Most of us have probably seen the ad where Dan Carter is pinned on the wall of the house, keeping everything the perfect temperature. How he manages to stay up there in that position isn't something I'll even try to understand, but that particular commercial is one that a lot of people remember as the first time they heard about motion sensors on heat pumps. The general idea behind the tech is this - When you're out of the room, the heat pump stays off. When you walk in, it spots you, and gets itself into gear. Very handy if you're not home all the time, and a lot of these have the ability to differentiate between people and pets. Still more advanced than that is the ability a lot have to project heat towards the people in the room, meaning you'll get warm before the rest of the room does. Depending on the model, they can launch the heat towards multiple people, and even judge how much heat is needed in comparison to the number of people in a room.
Ignoring the grammatical error in the title of this section, let's go over a few of the more minor features a lot of heat pumps have.
Self-cleaning is a big thing at the moment, as most people don't have the time or motivation to do it themselves. A heat pump that cleans itself uses water that it sucks out of the air to wash the filters, saving you time that could be far better spent elsewhere.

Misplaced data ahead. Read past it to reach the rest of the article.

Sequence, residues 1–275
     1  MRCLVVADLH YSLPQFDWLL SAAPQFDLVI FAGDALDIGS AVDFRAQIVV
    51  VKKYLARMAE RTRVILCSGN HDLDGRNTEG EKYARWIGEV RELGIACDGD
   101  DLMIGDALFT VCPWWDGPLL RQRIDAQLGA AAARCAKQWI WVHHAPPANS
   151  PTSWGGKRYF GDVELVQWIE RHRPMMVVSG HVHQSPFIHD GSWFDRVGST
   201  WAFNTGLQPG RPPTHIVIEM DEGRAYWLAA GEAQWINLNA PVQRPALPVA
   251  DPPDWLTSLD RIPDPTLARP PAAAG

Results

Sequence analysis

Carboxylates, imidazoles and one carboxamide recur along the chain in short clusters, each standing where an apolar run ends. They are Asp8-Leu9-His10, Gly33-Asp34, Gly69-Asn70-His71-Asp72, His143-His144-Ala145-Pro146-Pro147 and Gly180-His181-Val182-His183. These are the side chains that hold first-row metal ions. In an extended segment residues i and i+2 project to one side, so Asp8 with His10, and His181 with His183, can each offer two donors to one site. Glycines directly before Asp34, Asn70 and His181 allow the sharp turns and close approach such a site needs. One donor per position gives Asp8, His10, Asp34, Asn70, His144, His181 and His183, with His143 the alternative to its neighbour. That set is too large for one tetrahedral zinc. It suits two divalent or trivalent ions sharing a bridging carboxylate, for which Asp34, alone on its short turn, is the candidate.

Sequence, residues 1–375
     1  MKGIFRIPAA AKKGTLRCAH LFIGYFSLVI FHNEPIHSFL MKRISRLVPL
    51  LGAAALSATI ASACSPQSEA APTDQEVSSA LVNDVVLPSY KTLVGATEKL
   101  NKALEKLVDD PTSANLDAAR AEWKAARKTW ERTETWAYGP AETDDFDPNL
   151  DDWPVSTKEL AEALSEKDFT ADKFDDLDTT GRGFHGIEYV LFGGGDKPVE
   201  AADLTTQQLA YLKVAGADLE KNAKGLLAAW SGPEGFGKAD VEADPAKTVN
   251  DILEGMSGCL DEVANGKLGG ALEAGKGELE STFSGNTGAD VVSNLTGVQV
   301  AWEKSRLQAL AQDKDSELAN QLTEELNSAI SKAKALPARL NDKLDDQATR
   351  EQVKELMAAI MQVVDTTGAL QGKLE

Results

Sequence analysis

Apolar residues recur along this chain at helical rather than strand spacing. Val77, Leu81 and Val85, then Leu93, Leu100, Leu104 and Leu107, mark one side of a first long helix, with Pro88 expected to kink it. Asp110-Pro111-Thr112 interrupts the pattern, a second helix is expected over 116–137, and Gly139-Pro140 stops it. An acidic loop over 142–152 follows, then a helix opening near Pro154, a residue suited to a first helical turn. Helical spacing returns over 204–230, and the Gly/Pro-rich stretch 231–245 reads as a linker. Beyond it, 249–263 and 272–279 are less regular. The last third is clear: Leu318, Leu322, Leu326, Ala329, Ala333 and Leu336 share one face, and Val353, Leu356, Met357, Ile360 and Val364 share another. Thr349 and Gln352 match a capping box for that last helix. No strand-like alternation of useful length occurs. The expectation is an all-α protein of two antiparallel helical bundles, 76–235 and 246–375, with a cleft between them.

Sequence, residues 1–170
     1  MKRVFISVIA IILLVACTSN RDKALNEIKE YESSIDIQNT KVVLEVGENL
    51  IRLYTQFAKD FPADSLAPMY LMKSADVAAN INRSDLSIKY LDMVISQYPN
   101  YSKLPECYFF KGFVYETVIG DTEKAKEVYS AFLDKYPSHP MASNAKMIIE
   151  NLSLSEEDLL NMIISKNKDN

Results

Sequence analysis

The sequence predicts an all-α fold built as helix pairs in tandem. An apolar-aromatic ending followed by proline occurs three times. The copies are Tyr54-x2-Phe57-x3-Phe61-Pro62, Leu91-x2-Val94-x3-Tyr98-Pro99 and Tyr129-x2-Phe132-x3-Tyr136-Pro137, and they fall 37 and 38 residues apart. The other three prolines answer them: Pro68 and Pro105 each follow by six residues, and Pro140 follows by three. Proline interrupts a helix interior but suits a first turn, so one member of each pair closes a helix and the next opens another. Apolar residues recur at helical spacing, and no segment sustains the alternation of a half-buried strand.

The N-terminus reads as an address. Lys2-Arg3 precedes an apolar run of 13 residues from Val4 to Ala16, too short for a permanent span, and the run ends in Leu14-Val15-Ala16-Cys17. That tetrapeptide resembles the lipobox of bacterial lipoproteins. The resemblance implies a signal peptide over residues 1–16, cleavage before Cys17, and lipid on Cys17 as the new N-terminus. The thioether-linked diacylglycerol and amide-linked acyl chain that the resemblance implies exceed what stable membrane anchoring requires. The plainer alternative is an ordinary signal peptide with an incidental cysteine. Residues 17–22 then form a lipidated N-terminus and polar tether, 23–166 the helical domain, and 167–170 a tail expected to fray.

Defrosting is another feature that's more of a necessity than an added extra. When it gets cold outside, as in very, very cold, your heat pump will stop heating your room for a few minutes and turn its attention to the external unit, blasting in hot air till it's ice-free. This means that you have a few minutes of no heat pump as opposed to a full day of a half-pie one. Again, the temperature at which defrosting starts varies from model to model, so make sure you choose one with a lower operating temperature than what you get at your house. If you can avoid having your heat pump defrost, fantastic. But it's good to know it's there just in case you do get a particularly cold snap.
And lastly, there's the smoke-clearing tech that's coming through in quite a few new models. Your heat pump will sense when the air isn't clean, and suck all the smoke and smog out of your house and pump in good stuff till your room is smelling rosey again. Fantastic if you're the kind of person that leaves the toast in for half an hour longer than you should've, and don't worry - if there's a real fire, it'll produce more smoke than your heat pump can deal with. It's just for things like toast and the occasional deep-fry gone wrong.
Let's finish with the big one - how much do these things cost? Well, there are plenty of models that'll only cost around a dollar a day, although that definitely varies based on how long it's running. The easiest way to check is how many energy stars it gets, and by law the manufacturer has to state this. What you're looking for is a low power intake and a high output. Essentially, the smaller the footprint on the environment, the smaller the footprint on your wallet. And that's something that should make us all a bit warmer.